‘They Call Me Magic’ Review: Magic Johnson tells his story with an assist from Apple TV +

For basketball fans, the first two parts are definitely a breathtaking dive into Earvin Johnson Jr.’s dazzling talent and glowing personality, which gave him his nickname at an early age, with journalist Michael Wilbon distinguishing between Earvin, the guy and Magic, “a character who played basketball. “

Johnson’s high school heroism, national championship in Michigan State and the NBA title as a rookie are all well documented, which may explain why director Rick Famuyiwa gives them their right but does not necessarily dwell on them. In his extensive interviews, Johnson admits to having been angry when Larry Bird won this year’s rookie, while other Lakers recall their skepticism about Johnson’s proximity to Lakers owner Jerry Buss.

“We were all wondering if Earvin was a player or a manager,” notes teammate Kareem Abdul-Jabbar, after wondering if Johnson’s passes without seeing “make it seem like he was a clairvoyant.”

As the documentary shows, Johnson’s golden aura was tested at times, ranging from his failures against the Boston Celtics, who gave him the unwanted nickname “Tragic”, to the buh that rained down on him after he was stamped as having triggered the firing of then-Lakers coach Paul Westhead.

Yet the real heart of “They Call Me Magic” comes in the third and fourth hour, the first comprehensive documentation of Johnson’s HIV diagnosis, throwing viewers back not only to how devastating that moment felt, but also Johnson’s role in changing it. way AIDS was perceived. .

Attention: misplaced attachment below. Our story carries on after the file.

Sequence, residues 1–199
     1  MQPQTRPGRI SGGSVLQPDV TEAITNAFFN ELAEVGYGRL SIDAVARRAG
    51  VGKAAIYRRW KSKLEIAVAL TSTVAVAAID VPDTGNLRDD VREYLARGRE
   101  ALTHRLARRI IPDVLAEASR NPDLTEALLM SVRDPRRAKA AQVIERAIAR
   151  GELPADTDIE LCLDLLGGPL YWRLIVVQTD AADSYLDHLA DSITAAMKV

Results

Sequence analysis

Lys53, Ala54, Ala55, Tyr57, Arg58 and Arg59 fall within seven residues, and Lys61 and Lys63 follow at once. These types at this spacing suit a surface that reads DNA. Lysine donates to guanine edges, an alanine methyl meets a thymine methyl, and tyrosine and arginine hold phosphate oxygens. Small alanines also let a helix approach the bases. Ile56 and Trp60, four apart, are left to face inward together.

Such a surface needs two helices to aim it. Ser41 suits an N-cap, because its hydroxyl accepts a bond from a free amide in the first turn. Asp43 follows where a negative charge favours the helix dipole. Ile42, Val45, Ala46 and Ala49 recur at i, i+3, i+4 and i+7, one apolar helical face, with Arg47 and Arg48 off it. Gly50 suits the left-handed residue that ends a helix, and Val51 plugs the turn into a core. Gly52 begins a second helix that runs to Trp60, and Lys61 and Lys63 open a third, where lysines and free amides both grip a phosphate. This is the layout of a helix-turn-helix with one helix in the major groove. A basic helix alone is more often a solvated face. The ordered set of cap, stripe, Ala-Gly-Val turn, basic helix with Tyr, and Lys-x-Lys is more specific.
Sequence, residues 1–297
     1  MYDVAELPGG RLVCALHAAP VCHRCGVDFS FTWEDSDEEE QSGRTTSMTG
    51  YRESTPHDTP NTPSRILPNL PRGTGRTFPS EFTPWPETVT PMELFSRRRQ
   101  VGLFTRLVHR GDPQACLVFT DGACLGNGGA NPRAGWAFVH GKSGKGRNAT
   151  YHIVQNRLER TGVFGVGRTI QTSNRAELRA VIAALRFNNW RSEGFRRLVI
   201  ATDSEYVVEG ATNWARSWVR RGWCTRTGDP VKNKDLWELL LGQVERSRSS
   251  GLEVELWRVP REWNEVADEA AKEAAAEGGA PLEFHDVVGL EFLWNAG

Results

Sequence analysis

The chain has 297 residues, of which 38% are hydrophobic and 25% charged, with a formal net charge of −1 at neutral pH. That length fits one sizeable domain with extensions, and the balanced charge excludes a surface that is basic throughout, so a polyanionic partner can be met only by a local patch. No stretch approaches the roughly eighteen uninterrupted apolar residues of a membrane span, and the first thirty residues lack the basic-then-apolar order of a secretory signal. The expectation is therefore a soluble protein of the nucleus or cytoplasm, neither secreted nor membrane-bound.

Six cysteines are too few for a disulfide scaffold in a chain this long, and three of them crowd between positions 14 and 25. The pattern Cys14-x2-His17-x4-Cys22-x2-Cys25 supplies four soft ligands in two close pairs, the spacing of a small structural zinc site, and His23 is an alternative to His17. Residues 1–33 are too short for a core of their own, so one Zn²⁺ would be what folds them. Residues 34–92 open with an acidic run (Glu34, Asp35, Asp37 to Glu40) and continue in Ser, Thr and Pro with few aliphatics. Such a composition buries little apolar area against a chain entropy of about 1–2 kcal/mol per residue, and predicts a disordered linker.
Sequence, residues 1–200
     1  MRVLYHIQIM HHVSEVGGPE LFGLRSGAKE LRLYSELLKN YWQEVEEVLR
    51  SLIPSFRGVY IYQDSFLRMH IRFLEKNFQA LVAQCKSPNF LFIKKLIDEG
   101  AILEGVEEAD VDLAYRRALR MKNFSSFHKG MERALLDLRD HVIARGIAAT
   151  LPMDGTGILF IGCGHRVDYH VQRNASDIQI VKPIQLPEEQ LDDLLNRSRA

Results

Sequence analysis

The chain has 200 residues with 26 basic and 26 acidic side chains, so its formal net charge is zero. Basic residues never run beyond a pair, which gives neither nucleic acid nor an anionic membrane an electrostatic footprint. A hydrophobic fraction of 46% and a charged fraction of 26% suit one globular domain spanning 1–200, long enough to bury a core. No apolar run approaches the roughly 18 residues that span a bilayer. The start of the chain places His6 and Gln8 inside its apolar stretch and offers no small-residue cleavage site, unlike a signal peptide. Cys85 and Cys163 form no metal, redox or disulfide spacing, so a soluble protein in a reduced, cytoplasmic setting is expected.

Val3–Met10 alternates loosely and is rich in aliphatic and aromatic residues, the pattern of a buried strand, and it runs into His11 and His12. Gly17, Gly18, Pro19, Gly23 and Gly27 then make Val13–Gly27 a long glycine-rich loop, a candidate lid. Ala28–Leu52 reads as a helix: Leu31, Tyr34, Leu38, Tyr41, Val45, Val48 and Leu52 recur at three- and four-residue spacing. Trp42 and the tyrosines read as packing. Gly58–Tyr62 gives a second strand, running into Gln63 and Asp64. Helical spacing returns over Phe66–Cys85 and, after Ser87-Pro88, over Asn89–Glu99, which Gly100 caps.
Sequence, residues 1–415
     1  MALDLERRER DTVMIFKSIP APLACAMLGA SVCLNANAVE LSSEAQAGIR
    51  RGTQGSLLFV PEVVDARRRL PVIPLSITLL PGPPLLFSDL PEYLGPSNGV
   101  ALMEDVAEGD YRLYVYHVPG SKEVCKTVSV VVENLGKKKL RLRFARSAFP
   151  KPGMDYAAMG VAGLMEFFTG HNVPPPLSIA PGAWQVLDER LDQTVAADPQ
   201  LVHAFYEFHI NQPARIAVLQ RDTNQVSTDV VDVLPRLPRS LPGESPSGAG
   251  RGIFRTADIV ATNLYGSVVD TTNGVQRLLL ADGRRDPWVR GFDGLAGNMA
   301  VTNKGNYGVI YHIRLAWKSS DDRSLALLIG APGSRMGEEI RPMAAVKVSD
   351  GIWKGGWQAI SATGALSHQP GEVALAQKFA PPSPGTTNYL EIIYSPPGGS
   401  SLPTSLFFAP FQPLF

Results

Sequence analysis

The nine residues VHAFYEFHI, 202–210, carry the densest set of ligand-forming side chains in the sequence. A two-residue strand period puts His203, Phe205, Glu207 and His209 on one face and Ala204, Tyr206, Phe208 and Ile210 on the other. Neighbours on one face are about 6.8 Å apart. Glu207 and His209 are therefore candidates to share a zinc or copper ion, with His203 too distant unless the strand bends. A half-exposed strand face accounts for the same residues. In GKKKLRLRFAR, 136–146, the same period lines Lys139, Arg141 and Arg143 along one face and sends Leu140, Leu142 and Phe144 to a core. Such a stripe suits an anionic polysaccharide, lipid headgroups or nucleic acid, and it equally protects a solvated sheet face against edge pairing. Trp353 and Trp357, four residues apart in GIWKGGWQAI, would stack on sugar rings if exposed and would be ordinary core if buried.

“We all thought it was a death sentence,” coach Pat Riley said, while James Worthy recalls when he and his Laker teammates heard the news, “We were just sitting there, numb.”

Magic Johnson and his father Earvin Johnson in "They Call Me Magic."
The last part covers Johnson’s success as a businessman who advocates development and investment in black neighborhoods; and his life as a husband and father, as well as other detours, such as his ill-considered late-host effort “The Magic Hour,” which Jimmy Kimmel calls “one of the worst TV shows in history.”

“They Call Me Magic” never ventures too far from basketball, including Johnson’s experience of “The Dream Team” during the Olympics and his occasional comeback attempt, but it makes clear that the game that made him famous does not quite define him .

The documentaries also feel like a tonic, frankly, compared to the cheeky, cynical tone of “Winning Time” and an appropriate extension of other documentaries devoted to these great years of the NBA, such as “Celtics / Lakers: Best of Enemies,” , which detailed in more detail the extent to which this rivalry, and Johnson and Larry Bird in particular, were crucial to reviving the league’s fortunes.

As for the inevitable questions about the pantheon of NBA greats, Riley admits he has a certain bias in pronouncing Johnson the best ever, while Bird simply says, “It doesn’t matter who is better, we want to. be tied together for the rest of our lives. “

Abdul-Jabbar and former Laker star coach general manager Jerry West recently expressed their dissatisfaction with “Winning Time,” and Johnson made it clear that he was not thrilled about it either. This Apple production provides a Magic-approved view of the world with an upcoming documentary series about the Lakers – the LA franchise’s version of “The Last Dance” – coming from Hulu.

Even those familiar with Johnson’s career are likely to find new wrinkles and anecdotes here thanks to the wide range of interviews. And besides, what basketball fan could not use an assist when it comes to putting more magic into their lives?

“They Call Me Magic” premieres on April 22 on Apple TV +. (Note: My wife works for an Apple device.)

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